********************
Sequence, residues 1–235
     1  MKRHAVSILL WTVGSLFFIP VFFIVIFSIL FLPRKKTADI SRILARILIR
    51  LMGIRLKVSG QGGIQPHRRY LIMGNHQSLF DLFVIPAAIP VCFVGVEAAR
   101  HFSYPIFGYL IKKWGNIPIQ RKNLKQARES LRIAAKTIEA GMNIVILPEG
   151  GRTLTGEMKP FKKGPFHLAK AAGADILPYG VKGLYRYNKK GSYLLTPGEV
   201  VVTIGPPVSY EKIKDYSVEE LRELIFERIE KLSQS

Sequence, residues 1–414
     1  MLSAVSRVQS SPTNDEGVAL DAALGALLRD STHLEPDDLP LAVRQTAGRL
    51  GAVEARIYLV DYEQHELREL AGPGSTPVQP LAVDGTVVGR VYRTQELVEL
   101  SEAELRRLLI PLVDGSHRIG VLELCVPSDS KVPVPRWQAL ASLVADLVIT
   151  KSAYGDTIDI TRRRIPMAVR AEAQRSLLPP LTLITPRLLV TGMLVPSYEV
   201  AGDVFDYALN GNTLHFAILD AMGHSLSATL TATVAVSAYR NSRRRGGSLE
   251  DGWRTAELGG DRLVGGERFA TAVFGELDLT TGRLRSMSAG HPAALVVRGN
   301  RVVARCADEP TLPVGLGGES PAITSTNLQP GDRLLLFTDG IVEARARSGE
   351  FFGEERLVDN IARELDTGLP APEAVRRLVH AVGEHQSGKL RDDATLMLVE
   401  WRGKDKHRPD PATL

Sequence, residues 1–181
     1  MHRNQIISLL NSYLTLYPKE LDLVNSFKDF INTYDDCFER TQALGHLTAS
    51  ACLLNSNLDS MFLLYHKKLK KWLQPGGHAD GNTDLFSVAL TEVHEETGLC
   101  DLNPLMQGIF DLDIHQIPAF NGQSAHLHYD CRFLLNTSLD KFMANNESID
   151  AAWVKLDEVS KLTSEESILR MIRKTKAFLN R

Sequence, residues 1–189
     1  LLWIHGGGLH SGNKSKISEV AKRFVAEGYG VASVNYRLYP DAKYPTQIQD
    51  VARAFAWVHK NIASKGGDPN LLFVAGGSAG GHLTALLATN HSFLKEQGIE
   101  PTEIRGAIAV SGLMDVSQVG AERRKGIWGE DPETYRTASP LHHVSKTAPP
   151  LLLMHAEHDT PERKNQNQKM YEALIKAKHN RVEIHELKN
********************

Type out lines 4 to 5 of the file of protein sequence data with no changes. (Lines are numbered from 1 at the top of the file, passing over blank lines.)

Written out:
   101  HFSYPIFGYL IKKWGNIPIQ RKNLKQARES LRIAAKTIEA GMNIVILPEG
   151  GRTLTGEMKP FKKGPFHLAK AAGADILPYG VKGLYRYNKK GSYLLTPGEV